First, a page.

Software, Care, & Technical Information

Caulking Tips

Bath Enclosures

Before applying any sealant to a bath enclosure, it is important to fully understand some basic concepts about the nature of sealants and how they perform when applied.

Any sealant, whether it’s latex caulk or silicone, acts as a barrier when applied in a wet environment such as a bath enclosure. The objective is to keep water from extending beyond the barrier of sealant that the installer applies. For this reason, regardless of the type of door being installed, the easiest, most practical and most functional seal is obtained by applying sealant along the entire outer perimeter of the bath enclosure. In layman’s terms, to keep water to the wet side, seal the dry side.

Although an installer may elect to seal the total interior perimeter of the enclosure as well, it is important to note that an exterior as well as an interior barrier can create a reservoir of water. If water can find a way to get beyond the interior layer of sealant it most certainly will not run back into the shower. The interior sealant precludes this possibility. Thus, the installer has inadvertently created a potential service call if a reservoir is formed and fills faster than it can drain. What’s worse, the eventual leak is not the source of the problem, but merely the result. You can reapply sealant at the outerleak point repeatedly, but the true source of the problem is not being addressed.

This is not to say that sealant should never be applied to certain interior components. It’s just necessary to ensure that water can weep back into the shower and down the drain. For instance, in the majority of installations on tile, the surface of the tile has a great deal of texture. When a wall jamb is attached to such a surface, there are often small air gaps between the metal and the wall. Sealant can be applied here, but its function is solely aesthetic.

Specific Tips for Bypass Units

For bypass units, it is advisable to seal the full exterior perimeter. The joints where the wall jambs and the bottom tracks meet can be sealed to preclude water from collecting underneath the bottom track. This can be accomplished after installation with frameless units, but framed units utilizing our free-flow or “double L” sills need to have sealant applied to the end of the track prior to installation. It is most difficult to attempt this after the unit has been installed. At that point, the only way to ensure that the area is sealed is to pump a great deal of sealant into the corner, the results of which can be objectionable to the homeowner.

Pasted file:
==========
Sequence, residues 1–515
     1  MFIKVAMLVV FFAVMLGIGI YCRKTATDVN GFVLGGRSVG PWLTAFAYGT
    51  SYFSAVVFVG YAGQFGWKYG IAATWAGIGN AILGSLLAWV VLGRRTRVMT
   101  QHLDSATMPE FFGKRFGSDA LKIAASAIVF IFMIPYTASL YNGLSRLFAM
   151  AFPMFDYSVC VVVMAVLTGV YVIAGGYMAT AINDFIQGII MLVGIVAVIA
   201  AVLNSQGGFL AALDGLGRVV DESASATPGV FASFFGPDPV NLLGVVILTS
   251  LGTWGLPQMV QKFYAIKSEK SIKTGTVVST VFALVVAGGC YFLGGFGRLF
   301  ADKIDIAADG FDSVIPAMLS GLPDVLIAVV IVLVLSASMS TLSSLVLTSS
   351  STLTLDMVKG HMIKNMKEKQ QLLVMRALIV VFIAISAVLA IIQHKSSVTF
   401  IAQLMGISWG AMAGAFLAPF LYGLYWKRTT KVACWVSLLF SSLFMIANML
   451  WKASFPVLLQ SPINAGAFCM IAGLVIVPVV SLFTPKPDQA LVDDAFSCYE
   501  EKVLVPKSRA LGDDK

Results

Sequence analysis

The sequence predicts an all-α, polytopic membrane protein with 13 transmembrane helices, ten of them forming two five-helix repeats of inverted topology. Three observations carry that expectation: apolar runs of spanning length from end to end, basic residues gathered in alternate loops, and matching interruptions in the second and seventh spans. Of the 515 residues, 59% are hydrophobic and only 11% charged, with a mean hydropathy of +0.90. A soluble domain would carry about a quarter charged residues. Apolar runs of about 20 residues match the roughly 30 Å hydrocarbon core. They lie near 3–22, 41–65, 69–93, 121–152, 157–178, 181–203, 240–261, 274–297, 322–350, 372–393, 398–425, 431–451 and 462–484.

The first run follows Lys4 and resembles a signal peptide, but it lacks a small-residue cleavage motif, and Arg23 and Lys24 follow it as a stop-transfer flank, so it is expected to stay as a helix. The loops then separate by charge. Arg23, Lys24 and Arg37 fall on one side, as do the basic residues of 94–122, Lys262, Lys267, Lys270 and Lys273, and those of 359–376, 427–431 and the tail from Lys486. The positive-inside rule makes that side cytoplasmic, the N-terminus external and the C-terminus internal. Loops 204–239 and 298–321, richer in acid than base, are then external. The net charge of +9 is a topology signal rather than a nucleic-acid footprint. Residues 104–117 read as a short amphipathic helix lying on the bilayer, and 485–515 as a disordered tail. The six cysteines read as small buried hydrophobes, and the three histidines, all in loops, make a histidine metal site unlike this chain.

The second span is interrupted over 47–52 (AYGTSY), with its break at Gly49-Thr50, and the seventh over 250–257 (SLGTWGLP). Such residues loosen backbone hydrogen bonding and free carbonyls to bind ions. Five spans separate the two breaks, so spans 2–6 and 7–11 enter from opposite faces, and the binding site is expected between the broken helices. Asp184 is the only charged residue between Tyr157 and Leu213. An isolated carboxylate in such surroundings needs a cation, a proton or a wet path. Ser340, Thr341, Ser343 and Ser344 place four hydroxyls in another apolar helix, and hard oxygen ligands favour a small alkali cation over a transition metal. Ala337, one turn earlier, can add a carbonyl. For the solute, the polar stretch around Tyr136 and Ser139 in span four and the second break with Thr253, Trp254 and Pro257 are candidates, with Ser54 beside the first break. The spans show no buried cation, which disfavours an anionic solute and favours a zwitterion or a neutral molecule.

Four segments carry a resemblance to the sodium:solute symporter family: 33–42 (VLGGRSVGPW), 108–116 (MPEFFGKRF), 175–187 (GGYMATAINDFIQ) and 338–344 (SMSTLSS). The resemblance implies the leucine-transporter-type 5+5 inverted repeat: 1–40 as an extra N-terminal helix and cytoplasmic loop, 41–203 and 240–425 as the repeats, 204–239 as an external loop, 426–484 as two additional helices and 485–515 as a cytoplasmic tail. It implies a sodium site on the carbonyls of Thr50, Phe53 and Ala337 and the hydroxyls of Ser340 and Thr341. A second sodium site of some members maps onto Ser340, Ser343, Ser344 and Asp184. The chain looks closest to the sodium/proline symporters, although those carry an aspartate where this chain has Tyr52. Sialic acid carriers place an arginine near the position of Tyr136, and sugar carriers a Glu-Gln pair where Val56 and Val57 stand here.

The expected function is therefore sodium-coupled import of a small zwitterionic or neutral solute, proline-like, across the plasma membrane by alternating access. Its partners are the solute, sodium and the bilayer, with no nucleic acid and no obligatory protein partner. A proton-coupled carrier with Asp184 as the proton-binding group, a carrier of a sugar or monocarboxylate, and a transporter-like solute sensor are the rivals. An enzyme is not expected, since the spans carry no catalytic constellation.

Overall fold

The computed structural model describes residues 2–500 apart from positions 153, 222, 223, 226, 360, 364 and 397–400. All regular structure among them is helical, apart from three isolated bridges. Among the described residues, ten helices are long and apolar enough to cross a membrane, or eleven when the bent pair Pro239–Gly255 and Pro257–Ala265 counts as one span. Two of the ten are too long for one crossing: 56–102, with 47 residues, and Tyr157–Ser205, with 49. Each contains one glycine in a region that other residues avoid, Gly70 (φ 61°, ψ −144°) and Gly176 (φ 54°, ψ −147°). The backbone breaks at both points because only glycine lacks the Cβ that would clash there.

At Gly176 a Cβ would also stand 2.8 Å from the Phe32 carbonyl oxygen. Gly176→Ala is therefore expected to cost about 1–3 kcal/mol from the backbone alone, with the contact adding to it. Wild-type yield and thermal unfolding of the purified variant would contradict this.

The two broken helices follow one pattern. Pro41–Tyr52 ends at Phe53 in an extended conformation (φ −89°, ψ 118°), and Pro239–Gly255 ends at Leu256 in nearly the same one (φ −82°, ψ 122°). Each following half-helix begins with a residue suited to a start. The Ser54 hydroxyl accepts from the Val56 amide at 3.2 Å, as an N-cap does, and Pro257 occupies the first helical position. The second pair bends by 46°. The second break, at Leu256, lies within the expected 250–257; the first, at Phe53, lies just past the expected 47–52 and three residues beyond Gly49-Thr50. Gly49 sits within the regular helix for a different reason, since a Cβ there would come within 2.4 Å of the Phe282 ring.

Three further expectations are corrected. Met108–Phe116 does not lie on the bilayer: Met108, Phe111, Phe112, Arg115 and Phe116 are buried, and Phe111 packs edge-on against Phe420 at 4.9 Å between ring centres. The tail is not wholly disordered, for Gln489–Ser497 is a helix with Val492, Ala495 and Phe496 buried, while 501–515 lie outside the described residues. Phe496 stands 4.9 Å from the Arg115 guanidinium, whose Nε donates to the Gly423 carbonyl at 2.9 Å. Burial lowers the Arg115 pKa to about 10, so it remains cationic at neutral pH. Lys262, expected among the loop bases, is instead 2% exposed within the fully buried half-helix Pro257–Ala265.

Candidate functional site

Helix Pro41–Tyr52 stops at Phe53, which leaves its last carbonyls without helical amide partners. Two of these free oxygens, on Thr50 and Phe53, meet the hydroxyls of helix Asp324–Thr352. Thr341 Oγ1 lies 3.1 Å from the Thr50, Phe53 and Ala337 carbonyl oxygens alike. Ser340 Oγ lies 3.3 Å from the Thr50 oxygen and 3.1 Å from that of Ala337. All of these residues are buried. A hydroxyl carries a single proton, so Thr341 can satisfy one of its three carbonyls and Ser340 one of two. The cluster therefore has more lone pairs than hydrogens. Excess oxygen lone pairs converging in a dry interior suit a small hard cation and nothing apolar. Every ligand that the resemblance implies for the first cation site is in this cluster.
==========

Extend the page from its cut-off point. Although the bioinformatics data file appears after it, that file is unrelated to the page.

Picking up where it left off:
Specific Tips for Stand Alone Swing Doors

The shallow underside of our low profile thresholds provide excellent areas for sealant application. Seal between the drip anchor and the bottom rail on the framed doors to preclude water from leaking down behind the sweep when the door is open.

Frameless doors utilizing tape applied drip rails need to be sealed once the drip rail is attached to the bottom of the glass. A bead of sealant against the glass at the top edge of this drip rail will ensure that a barrier of protection is given to the tape, as certain cleaners have the possibility of eroding the tape’s adhesive properties.

Specific Tips for CrystalLine Custom Hinge Units

Perhaps the most functional interior sealant is that applied when “wet glazing” between the interior sides of buttress glass panels and their respective thresholds. Instead of glazing vinyl, applying a bead of sealant between the glass and the threshold eliminates the possibility of water entering the buttress threshold. Deflecting water in this manner not only makes a tight seal, but also precludes the necessity of unsightly weep holes in the buttress threshold. When glazing vinyl is used horizontally, every application requires weep holes on the interior side of the threshold. Weep holes in a door threshold that are a mere 5 inches above the shower pan are hardly noticeable. Buttress threshold weep holes can approach 36 inches from the shower pan and prove to be aesthetically objectionable to the homeowner.

Should an installer decide to seal down the interior walls, it is advisable to stop the sealant bead at the top of the door threshold. This allows any water that might seep into the door threshold to drain to a wall and back into the shower. If the installer seals all the way to the curb, then this water has to build up to the first possible weep hole it can reach.

In some cases it might prove worthwhile to seal the joint where the buttress threshold nests inside the corresponding vertical member. If this is done, make sure that it is executed only on the exterior side of the enclosure.

Have Questions?